Five Experts Name Their Favorite Investments

Stocks & Bonds

Five Experts Name Their Favorite Investments

We asked top-notch analysts and fund managers for their best investing ideas.

For Kiplinger's editors' favorite investments, see our slide show of the Best Stocks and Mutual Funds.

Wendy Trevisani, Fund Manager

Trevisani, co-manager of Thornburg International Value fund, predicts that Danish drug maker Novo Nordisk, one of the world's leading producers of insulin, will benefit from an increase in diabetes treatment. The company's synthetic-insulin products, which include prefilled injection pens, permit better management of blood-glucose levels and sell for more than human insulin.

Novo's earnings have grown at a robust 22% annual pace over the past five years. "We see that growth continuing for many years," says Trevisani. At $113, Novo Nordisk's American depositary shares (NVO) trade at 21 times estimated 2007 earnings of $5.40 per share.

Ron Rowland, Editor


The author of All Star Fund Trader newsletter favors Powershares Value Line Industry Rotation Portfolio (PYH). It tracks an index that favors industries with the highest Value Line timeliness rankings, and stocks within those sectors that have the highest timeliness rankings. "Every market move has sectors that lead and sectors that lag," Rowland says.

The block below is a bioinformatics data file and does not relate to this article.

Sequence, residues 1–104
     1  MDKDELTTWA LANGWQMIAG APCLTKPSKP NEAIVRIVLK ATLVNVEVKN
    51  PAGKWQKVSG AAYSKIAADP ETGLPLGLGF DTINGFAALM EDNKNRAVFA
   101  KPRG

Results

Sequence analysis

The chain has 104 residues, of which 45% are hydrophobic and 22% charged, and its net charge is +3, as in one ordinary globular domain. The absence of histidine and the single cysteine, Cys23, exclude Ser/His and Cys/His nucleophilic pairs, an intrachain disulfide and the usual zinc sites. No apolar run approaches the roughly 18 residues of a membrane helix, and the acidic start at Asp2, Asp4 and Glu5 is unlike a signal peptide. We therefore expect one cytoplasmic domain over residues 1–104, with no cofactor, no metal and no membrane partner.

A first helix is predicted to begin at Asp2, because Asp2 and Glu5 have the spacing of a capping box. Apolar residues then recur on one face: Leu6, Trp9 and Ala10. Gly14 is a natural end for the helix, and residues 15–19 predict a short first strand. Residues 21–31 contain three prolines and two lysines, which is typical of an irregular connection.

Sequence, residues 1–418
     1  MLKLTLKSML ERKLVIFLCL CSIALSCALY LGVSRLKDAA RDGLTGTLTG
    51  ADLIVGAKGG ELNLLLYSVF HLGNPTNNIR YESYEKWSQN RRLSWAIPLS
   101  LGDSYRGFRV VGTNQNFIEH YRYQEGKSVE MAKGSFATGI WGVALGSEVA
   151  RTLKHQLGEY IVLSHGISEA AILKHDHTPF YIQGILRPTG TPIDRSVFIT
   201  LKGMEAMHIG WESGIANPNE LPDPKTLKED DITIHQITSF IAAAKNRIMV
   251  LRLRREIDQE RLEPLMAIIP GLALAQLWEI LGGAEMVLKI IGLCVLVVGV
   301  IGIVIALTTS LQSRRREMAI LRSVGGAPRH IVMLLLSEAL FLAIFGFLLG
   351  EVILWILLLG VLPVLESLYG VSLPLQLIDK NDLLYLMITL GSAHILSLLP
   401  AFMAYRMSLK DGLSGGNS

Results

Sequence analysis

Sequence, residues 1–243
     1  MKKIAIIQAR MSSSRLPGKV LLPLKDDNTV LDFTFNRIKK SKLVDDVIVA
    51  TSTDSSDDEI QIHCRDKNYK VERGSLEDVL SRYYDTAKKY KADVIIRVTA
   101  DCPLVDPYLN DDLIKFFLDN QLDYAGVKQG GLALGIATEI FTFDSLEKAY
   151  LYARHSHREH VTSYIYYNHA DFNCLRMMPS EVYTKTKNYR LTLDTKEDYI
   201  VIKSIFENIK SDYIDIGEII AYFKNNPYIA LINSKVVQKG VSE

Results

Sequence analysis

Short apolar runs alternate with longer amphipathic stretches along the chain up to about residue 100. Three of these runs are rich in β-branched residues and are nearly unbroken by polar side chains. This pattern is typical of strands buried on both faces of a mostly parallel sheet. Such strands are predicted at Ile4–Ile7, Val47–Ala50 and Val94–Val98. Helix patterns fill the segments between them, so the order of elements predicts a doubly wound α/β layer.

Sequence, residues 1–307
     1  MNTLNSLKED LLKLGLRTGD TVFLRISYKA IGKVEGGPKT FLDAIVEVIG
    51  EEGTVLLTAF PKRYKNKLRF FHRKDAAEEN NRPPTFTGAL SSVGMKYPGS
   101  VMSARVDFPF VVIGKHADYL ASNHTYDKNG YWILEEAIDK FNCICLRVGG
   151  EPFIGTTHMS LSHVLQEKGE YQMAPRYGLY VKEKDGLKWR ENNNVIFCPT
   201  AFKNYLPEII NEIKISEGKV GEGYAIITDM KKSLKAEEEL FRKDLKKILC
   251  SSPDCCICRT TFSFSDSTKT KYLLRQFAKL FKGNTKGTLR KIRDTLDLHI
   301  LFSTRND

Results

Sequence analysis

Jack Chee, Analyst

An analyst with No-Load Fund Analyst newsletter, Chee admires the intensive research process employed by Bill D'Alonzo and his team at Brandywine Blue (BLUEX) to uncover hidden gems. The fund invests mainly in large, fast-growing companies. "Brandywine's diligence gives it an edge in finding out what Wall Street hasn't," says Chee.

Susan Byrne, Fund Manager


Byrne, who runs WHG LargeCap Value, among other mutual funds, likes insurance giant American International Group's global footprint, which includes strong positions in emerging markets. And she loves the price. At $65, the stock (AIG) trades at only ten times estimated 2007 earnings and 1.5 times book value.

Jim Larkins, Fund Manager

The pilot of Wasatch Small Cap Value likes good companies that have been given up for dead. The stock of mattress maker Select Comfort has stagnated in a weak housing market. But Larkins likes the business model: Customers pay in advance, so little cash is tied up in inventory and accounts receivable. The stock (SCSS), at $16, trades at a price-to-sales ratio of less than 1.

KIPLINGER PICKS: The Best Stocks and Mutual Funds